Skip Navigation

What if Mail Ballots Arrive After Election Day Without a Postmark?

There are alternate ways to check when a ballot was mailed.

October 30, 2020

Post­marks are the primary evid­ence elec­tion offi­cials use to verify the date a ballot was cast in states that accept ballots that arrive after Elec­tion Day. Yet post­marks are not always reli­ably stamped on ballot envel­opes, putting some voters at risk of disen­fran­chise­ment unless elec­tion offi­cials use altern­at­ive meth­ods of veri­fy­ing the date.

In these highly charged times, where impro­pri­ety is routinely proclaimed, we are sure to hear base­less alleg­a­tions that late arriv­ing ballots without a post­mark are proof of fraud. It is import­ant to under­stand, espe­cially as the use of mail ballots surges, that ballots arriv­ing after Elec­tion Day without a post­mark are not suspi­cious. Every effort should be made to verify they were timely cast and count them.

Post­marks will play a role in almost half of states this year. In 23 states and the District of Columbia, ballots are accep­ted after Elec­tion Day as long as elec­tion offi­cials verify they were cast on or before Elec­tion Day. That includes 19 states that allow ballots cast by Elec­tion Day and four states (Iowa, North Dakota, Ohio, Utah) that accept ballots cast by the Monday before the elec­tion. Addi­tion­ally, Utah and Arkan­sas require all mailed ballots to have a post­mark even if they arrive by Elec­tion Day.

In nearly all of these states, the relev­ant rules or stat­utes specific­ally refer­ence post­marks being used to determ­ine when the ballot was cast. When post­marks are miss­ing or illegible, it can lead to elec­tion offi­cials not being able count ballots. For example, in the Wiscon­sin and New York primar­ies this year, there were wide­spread reports of ballots miss­ing post­marks. Many of those ballots were not coun­ted in Wiscon­sin, while some were coun­ted in New York City thanks to a lawsuit on behalf of voters.

While post­marks factor into determ­in­ing which votes get coun­ted, it’s worth remem­ber­ing that this is not what they were not designed for. In fact, post­marks were designed simply to prevent the reuse of stamps, not as a ballot valid­a­tion system. Not all mail is required to receive a post­mark, though to address the prob­lems that arose in the primary, the Postal Service has reis­sued guidelines that all returned ballots be post­marked. Yet in August, an internal audit found that all ballots were still not getting post­marked.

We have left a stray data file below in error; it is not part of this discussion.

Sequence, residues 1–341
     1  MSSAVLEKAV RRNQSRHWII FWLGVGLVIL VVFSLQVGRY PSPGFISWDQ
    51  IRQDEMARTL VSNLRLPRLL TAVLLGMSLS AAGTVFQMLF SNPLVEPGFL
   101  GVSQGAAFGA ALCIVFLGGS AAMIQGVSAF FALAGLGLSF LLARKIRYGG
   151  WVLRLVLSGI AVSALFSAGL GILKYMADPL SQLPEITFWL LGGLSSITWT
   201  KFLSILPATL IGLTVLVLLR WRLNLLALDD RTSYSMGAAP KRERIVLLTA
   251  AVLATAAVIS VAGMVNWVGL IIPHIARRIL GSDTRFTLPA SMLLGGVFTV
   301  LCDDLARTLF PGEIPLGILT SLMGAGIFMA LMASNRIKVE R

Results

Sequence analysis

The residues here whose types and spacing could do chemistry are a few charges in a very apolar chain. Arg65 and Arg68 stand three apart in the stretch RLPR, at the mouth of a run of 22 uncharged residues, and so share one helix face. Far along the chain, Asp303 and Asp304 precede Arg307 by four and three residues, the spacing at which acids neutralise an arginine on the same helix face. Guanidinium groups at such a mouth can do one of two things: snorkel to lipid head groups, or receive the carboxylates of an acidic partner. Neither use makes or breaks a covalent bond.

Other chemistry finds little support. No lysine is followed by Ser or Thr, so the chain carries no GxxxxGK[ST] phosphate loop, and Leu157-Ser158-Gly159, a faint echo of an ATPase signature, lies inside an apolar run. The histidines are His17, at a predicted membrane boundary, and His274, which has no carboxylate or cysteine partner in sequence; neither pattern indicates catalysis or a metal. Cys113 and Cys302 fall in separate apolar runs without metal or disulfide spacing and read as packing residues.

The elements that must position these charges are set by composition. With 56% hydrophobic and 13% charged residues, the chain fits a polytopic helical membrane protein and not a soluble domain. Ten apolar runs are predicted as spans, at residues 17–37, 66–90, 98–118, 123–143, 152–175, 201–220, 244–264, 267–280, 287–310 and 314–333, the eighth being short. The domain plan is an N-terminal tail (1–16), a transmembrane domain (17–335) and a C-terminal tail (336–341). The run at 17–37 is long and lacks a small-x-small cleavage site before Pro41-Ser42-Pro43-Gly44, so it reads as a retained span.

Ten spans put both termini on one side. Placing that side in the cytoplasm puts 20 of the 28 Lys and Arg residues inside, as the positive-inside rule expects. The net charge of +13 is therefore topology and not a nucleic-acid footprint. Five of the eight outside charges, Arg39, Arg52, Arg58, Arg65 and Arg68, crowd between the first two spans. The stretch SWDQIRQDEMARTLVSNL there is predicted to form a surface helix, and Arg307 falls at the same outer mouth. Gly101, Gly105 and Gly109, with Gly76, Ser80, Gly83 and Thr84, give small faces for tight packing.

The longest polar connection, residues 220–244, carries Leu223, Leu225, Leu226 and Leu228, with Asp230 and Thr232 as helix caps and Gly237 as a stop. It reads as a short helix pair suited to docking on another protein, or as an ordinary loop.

The USPS inspector general iden­ti­fied a number of common reas­ons that miss­ing post­marks happen, includ­ing envel­opes stick­ing together when processed on a machine and person­nel simply being unaware that all returned ballots, even those in prepaid reply envel­opes, need to receive a post­mark.

Consid­er­ing the high volume of elec­tion mail the post office is deal­ing with and the oper­a­tional changes and reversals this year, errors are inev­it­able. So if a voter’s ballot is cast on time and arrives before the dead­line, elec­tion offi­cials should do everything within their discre­tion to try to count those ballots.

At least 10 states (Cali­for­nia, Illinois, Mary­land, Minnesota, Nevada, New Jersey, New York, Pennsylvania, Wash­ing­ton and West Virginia) accept ballots with miss­ing or illegible post­marks that arrive after Elec­tion Day.

There are ways for elec­tion offi­cials to verify that a ballot was cast by Elec­tion Day, even if it arrives without a legible post­mark. For example, most states use bar codes that encode track­ing inform­a­tion directly on ballot envel­opes. Those systems can be used to help determ­ine when a ballot was returned to a post office.

Elec­tion offi­cials can also coordin­ate with post offices to try to determ­ine when a partic­u­lar batch of mail with miss­ing post­marks was picked up. And elec­tion offi­cials can even rely on the date a voter writes on their envel­ope as evid­ence a ballot was cast on time.

Voting by mail has allowed millions of Amer­ic­ans to vote safely this year, and the lack of a post­mark should­n’t stand in the way of the right to vote.